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Old 25th November 2004, 12:39 AM   #21
diyAudio Member
Join Date: Apr 2002
Location: Toronto
Default Esl 63

Hi Buhl:

I am on the road away from home in Ottawa at the moment.

The long blink rate on the defective speaker may be caused by getting too low a voltage on the multiplier board.

If one or more of your new diodes are leaking or not soldered properly then you may be getting less than 5K volts on the board.
This may result in a longer blink rate because the lower voltage does not leak off at the same rate. The circuit charges up to possibly 3K or less volts and does not have the same potential to leak off as easily because the discharge path may be less conductive at a lower voltage.

Lower voltage will translate into a lower volume.

You could try swapping the good multiplier board. If the blink rate goes back to approximately 1 second and the panels operate as expected then you should replace the diodes again.

If you still have the same problem then you know it is not the HV board.

You need a gold leaf meter to test the voltage a regular high voltage meter will bleed the charge off before it is measured.

Almost any HV diode will work O.K.
They should not cost more that about $1 CAN each.

I would not recommend cleaning the panels.
They are very very very very very delicate and can rip or tear at a touch.

I have rebuilt 4 HV boards over the years without any problems.

Let me know how you make out.
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Old 25th November 2004, 05:56 PM   #22
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Join Date: Apr 2002
Location: New York State USA
The most usual cause of failure in a multiplier HV supply is one or more of the caps becoming leaky or shorted.

Replace the caps. The values only need to be close, not exact.
It's a multiplier and the tolerances are fairly large. So if it uses a 0.003 you could put in 0.005 or 0.002 and be just fine... etc.
or if it has 0.03 the same... about -50% to +200% is ok, all the same is best. But in a pinch to test, anything will do.

Higher voltage parts are preferred.

The idea of swapping the HV boards is fine.

In my experience, measuring before the HV supply runs through a large value (megohm) resistor out to the panels, you can use a normal HV probe on any meter and go right up the multiplier ladder and see if the voltages are correct. Of course a shorted cap or leaky cap will pull the whole thing down from the first leg up to the HV output side...

Assuming your HV is ok (and that has not been determined yet).
the next thing to check is the input transformer's step up ratio and make sure it hasn't been fried by amp failures (DC across the primary or parasitic oscillations.

Check the DCR of the good unit primary and secondary vs the bad unit... make sure the HV supply is BLED DOWN TO ZERO volts and or disconnect the secondary from the panels... you don't want to discharge the HV stored on the panels through your ohmeter! They should be quite identical.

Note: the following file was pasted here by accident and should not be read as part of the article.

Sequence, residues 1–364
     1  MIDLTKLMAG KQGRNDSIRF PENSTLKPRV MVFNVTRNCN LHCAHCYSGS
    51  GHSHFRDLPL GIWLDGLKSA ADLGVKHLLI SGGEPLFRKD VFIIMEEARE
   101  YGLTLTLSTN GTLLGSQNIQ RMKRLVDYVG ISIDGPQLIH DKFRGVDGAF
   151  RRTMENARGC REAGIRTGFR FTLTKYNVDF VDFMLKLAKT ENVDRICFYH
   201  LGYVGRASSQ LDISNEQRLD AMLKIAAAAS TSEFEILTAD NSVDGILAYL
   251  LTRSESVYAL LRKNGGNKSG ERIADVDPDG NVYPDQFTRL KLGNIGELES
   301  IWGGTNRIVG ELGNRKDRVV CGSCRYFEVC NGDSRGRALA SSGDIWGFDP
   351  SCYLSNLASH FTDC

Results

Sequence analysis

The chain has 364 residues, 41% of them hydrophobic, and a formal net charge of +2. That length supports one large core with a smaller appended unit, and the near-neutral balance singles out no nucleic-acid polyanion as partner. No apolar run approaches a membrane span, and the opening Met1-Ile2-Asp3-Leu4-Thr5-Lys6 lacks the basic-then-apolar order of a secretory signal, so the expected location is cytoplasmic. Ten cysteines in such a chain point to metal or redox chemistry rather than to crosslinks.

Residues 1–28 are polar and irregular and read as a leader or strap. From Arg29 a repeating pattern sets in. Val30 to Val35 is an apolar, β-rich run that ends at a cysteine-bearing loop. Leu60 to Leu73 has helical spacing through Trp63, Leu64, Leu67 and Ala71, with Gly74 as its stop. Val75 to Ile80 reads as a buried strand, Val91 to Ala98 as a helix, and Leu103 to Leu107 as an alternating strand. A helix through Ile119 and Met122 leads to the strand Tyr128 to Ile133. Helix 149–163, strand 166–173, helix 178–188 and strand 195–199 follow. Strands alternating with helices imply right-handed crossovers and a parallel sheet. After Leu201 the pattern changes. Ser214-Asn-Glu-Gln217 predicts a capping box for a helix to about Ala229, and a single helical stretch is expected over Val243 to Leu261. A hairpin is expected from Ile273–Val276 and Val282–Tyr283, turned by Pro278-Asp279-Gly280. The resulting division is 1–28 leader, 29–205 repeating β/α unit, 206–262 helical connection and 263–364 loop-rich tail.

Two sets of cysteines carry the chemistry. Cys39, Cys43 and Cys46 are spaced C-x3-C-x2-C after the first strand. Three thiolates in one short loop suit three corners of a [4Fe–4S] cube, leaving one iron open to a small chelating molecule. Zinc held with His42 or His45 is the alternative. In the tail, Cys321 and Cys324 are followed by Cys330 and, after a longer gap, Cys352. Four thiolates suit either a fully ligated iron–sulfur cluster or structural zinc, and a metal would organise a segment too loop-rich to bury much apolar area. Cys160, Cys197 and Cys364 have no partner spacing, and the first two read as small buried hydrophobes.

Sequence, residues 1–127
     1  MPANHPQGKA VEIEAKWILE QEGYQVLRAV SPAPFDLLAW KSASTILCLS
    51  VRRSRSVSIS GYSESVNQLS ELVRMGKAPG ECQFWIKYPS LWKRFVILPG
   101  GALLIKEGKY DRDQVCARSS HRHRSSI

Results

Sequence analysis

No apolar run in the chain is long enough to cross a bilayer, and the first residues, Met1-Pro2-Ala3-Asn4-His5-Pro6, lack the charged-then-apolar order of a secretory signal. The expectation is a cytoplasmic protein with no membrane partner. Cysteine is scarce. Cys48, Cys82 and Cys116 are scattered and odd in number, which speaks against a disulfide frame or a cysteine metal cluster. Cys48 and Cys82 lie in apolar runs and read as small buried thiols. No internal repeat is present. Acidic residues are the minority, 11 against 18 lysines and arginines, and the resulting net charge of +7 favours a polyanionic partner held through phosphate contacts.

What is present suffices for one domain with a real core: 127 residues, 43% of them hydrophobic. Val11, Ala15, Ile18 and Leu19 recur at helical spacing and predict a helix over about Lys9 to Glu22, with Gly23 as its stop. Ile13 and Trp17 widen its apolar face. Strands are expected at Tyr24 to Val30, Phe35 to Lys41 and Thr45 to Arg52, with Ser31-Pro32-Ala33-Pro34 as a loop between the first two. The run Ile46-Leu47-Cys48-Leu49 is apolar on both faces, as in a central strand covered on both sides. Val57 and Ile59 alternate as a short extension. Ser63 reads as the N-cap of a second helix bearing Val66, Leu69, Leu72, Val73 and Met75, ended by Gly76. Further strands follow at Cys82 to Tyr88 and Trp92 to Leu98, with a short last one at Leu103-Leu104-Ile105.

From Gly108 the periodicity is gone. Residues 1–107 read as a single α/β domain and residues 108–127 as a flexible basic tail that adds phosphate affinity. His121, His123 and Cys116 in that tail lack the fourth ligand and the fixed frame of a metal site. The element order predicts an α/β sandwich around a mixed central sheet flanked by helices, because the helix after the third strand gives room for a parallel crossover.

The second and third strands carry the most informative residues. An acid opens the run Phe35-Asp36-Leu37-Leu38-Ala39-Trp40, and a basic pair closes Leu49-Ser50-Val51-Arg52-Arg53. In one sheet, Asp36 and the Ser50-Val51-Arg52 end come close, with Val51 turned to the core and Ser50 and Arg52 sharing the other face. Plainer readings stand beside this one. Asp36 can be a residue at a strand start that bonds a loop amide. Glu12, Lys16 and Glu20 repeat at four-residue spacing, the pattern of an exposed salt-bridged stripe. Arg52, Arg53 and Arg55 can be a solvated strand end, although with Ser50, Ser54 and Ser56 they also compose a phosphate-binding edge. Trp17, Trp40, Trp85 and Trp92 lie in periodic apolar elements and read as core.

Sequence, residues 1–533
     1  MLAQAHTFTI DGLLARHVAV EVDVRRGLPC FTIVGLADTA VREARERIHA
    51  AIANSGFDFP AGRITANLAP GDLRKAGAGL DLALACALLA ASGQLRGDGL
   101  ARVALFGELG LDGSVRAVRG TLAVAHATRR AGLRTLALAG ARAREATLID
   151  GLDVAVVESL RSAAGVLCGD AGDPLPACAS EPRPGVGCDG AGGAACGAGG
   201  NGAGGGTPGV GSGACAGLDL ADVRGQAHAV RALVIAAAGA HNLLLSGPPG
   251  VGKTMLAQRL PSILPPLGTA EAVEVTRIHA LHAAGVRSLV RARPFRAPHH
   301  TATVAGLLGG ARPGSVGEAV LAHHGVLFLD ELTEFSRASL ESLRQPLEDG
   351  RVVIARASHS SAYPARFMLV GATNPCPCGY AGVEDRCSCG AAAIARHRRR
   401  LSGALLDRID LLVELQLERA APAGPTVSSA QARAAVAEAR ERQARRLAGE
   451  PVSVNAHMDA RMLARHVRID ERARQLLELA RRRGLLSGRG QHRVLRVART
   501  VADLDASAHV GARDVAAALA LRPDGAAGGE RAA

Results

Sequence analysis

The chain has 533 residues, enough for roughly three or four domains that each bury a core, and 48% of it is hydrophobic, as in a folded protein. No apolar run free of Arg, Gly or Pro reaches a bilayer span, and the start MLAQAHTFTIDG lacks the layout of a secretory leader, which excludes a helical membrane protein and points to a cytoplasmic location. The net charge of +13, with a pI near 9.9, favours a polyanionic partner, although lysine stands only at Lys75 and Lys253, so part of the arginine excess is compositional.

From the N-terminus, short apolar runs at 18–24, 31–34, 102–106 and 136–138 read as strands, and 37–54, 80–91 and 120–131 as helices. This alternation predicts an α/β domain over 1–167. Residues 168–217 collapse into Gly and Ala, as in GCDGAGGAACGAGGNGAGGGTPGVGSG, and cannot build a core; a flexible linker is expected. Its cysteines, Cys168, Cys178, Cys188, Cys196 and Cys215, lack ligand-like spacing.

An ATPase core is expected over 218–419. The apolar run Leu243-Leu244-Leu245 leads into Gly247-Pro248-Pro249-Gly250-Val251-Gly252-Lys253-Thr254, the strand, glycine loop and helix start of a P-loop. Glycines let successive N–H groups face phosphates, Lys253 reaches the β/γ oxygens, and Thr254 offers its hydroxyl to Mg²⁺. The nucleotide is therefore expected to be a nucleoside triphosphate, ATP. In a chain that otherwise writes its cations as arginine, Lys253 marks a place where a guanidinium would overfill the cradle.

You could always unwire the interfaces, mark the panels & interfaces and swap them too... that would tell you instantly where the problem is... but I'd try the above tests first.

Any HV diode will work fine.

1N4007s are fine general purpose HV diodes... higher voltage diodes will likely not break down over time in the event of various variations in component values or spikes... as noted there is nil current being drawn so that almost doesn't matter.

_-_-bear -- Btw, I don't actually know anything, FYI -- every once in a while I say something that makes sense... ]
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Old 26th November 2004, 11:42 AM   #23
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Join Date: Sep 2003
Location: n
Be aware that the EHT board is fed with about 600vac from the mains transformer. The high voltage end is fizzy but safe, the low may give you a surprise. So take care.

An EHT probe into a normal DVM will suffice to measure the EHT, I have a 'Testec TT-HVP 40' which is good for 40kv and measures Quad ESL63 EHT boards to be roughly what is specified.

There are probably many alternatives. I think you need to actually measure the EHT before moving on to other possible concerns.

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Old 4th December 2004, 08:32 AM   #24
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Join Date: Dec 2004
Location: PARIS
Default Low eht voltage

I have 25 years experience on QUAD electrostatic speakers ESL (called today ESL57) ESL63 usual and ESL63 PRO.
First thing to do is to disconnect the speaker from main voltage, pull the socks down then delete the rear grill , check the EHT voltage with an EHT volmeter (you will find the address on the one thing audio site in UK ""
IF the voltage is not good enough (5,3 KV) discharge the EHT line (orange wire to ground it through a resistor) and then disconnect every element one by one (discharge between each step) and check the EHT voltage under this condition. If the value still the same,try with the next one following the same procedure, this way you will find wich one cause the EHT voltage goes down. If nothing change and voltage do no go to higher value this is coming from the eht board itself.
Repair this board is really easy and loose his time to check component is not necessary. Change diodes and caps in once and everything will be in order .
Feel free to contact me if you need it.

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